The Sun is the yellow dwarf star at the center of the solar system. It is a nearly perfect sphere, or ball, of plasma, with a surface temperature of approximately 5,505 °C. Astronomers have calculated the sun's age to be approximately 4.5 billion years, which is about 9.1 billion years younger than the Milky Way Galaxy, where it resides.
All life on Earth owes its existence, directly or indirectly, to the energy emitted by the sun in the form of heat and other forms of radiation. We describe the time of day as well as time of year based on the Earth's current position, relative to the sun.
The sun has the mind-boggling mass of approximately 1,989,000,000,000,000,000,000,000,000,000 kg (one nonillion, nine hundred eighty nine octillion kilograms). This is extremely close to the mass of the solar system as a whole. In contrast, the largest planet, Jupiter, with its mass of about 1,899,000,000,000,000,000,000,000,000 kg (one octillion eight hundred ninety-nine septillion kilograms), makes up a teeny-tiny 0.09% of the solar system!
Because the Earth is millions of kilometers away from the Sun, the photons, or particles of light, emitted by the Sun take about 500 s to reach Earth through the vacuum of space. That means that the sun we're looking at is actually how the Sun looked several minutes ago!
The Sun has already burned through about half of its total supply of hydrogen (H). When it runs out, it will become a red giant and expand to a size so enormous that it will completely engulf all the planets in the solar system. About 1 billion years later, it will then transform into a white dwarf. But not to worry— this entire process should take another 7-8 billion years or so.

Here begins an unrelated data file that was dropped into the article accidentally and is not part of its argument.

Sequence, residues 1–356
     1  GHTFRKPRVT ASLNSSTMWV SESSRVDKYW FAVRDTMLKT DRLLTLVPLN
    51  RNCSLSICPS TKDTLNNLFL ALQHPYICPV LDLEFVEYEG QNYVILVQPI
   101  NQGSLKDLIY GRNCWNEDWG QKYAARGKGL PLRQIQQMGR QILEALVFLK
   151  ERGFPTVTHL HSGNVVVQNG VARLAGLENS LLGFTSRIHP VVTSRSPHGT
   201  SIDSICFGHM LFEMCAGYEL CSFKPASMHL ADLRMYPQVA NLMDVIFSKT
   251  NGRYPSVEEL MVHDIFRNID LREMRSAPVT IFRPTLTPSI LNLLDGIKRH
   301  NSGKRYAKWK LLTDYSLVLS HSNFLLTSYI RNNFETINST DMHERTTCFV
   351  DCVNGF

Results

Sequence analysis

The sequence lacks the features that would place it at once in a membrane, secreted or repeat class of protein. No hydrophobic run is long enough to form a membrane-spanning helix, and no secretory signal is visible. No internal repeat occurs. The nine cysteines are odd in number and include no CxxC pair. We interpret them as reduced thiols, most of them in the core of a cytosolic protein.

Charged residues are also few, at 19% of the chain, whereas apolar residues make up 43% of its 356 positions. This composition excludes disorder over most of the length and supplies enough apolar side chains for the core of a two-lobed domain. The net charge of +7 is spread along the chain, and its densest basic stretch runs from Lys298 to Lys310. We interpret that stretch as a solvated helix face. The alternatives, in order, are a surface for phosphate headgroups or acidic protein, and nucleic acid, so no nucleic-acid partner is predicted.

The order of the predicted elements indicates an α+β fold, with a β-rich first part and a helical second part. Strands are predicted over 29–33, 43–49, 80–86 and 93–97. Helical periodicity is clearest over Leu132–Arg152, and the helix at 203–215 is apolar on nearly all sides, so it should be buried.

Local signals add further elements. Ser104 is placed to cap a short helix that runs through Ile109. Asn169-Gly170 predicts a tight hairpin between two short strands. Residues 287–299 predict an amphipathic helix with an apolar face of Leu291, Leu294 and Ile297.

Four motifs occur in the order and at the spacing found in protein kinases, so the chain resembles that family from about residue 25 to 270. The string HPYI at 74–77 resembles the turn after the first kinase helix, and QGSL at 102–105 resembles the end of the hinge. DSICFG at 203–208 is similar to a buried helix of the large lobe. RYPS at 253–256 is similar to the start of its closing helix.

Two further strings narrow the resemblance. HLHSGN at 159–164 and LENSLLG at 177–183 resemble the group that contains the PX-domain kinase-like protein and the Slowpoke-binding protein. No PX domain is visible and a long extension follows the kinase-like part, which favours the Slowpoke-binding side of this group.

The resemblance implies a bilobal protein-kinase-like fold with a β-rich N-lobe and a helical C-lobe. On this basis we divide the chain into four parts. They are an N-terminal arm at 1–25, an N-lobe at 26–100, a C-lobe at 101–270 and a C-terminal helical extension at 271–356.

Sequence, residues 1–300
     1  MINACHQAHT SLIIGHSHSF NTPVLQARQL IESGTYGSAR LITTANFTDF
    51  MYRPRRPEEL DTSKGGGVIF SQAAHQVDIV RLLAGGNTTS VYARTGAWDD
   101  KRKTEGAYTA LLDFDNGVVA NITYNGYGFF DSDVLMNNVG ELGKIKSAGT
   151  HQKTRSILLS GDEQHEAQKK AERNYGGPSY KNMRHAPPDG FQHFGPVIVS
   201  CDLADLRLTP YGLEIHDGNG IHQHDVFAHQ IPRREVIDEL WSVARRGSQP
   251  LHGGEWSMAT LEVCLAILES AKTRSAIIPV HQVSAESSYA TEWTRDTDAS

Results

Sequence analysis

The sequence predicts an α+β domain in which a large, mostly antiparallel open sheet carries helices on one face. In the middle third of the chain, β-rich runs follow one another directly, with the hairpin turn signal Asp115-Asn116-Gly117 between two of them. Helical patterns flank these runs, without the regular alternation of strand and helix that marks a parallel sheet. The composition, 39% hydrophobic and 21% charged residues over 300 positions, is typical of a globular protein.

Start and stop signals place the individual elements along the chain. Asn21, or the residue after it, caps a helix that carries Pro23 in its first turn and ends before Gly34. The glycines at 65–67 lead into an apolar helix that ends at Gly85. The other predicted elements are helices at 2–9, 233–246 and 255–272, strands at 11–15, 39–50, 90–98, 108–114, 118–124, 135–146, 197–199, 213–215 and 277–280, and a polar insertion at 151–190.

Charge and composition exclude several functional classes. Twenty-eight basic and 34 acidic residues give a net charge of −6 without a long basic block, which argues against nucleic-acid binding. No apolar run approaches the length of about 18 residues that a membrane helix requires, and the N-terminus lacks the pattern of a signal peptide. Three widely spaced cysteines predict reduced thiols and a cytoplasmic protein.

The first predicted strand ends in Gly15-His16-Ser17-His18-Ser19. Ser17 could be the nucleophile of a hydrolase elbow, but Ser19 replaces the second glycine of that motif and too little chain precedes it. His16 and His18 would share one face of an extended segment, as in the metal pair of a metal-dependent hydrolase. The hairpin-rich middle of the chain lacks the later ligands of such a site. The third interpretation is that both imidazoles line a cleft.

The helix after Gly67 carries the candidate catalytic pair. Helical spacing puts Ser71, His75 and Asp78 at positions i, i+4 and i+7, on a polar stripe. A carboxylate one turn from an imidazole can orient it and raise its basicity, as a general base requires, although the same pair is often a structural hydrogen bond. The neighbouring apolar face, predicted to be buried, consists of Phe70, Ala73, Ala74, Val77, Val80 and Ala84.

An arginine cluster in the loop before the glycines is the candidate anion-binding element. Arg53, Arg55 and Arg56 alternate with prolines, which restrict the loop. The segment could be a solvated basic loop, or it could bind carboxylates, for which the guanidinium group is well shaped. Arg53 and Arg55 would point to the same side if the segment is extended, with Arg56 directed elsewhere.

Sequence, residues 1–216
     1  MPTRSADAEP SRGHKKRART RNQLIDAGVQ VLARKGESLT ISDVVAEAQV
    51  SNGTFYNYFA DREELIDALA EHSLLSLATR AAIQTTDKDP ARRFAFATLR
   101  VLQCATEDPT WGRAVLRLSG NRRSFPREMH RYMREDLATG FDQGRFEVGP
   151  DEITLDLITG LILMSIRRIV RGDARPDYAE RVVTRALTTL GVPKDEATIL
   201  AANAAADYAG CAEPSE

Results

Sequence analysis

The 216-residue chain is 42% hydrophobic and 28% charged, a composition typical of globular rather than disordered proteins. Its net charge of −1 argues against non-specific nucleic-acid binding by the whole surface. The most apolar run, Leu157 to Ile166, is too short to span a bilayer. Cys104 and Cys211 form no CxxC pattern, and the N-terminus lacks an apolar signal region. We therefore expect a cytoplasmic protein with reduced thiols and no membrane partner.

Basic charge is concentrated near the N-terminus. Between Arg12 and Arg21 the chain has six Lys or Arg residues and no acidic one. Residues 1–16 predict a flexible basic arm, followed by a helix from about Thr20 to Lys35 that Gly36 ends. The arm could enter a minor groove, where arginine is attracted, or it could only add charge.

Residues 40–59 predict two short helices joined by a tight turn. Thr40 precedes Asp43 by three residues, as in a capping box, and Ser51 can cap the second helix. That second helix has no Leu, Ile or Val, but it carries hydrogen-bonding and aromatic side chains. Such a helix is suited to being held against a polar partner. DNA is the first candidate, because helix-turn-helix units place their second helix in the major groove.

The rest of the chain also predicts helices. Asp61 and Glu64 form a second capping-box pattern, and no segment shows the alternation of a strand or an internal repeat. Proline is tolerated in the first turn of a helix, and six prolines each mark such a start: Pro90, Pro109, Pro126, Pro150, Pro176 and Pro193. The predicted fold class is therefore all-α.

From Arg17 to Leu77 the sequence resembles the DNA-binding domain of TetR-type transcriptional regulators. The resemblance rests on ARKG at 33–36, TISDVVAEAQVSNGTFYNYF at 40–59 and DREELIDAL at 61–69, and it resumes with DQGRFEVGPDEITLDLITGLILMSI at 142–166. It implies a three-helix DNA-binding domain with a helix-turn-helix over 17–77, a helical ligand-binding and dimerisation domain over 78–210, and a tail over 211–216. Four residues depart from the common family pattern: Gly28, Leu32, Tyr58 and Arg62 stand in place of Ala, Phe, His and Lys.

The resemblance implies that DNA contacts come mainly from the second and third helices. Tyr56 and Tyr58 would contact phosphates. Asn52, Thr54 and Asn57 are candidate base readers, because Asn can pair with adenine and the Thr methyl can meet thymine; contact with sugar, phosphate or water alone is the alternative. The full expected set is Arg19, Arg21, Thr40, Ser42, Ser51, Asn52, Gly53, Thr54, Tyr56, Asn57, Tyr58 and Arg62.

The Sun emits extremely hot and high-energy ejections of plasma that can travel through space at up to 1.440 million kph. The Aurora Borealis and Aurora Australis, or northern and southern lights are caused by the interactions of the Sun's solar winds with Earth's atmosphere.
The Sun is so enormous that about 1.3 million planet Earths could fit inside of it, by volume. Even in the case of Jupiter, the largest planet in the solar system, about 1,000 Jupiters could fit inside the Sun.
The extremely strong force of gravity created by the sun is constantly causing its own atoms to squeeze together. When two of the sun's hydrogen atoms are crushed together with enough energy, a nuclear reaction called fusion takes place, fusing the atoms together to form a single helium (He) atom. This reaction releases even more incredible amounts of energy being released—a single solar flare can release the energy equivalent of 100 atomic bombs exploding all at once.
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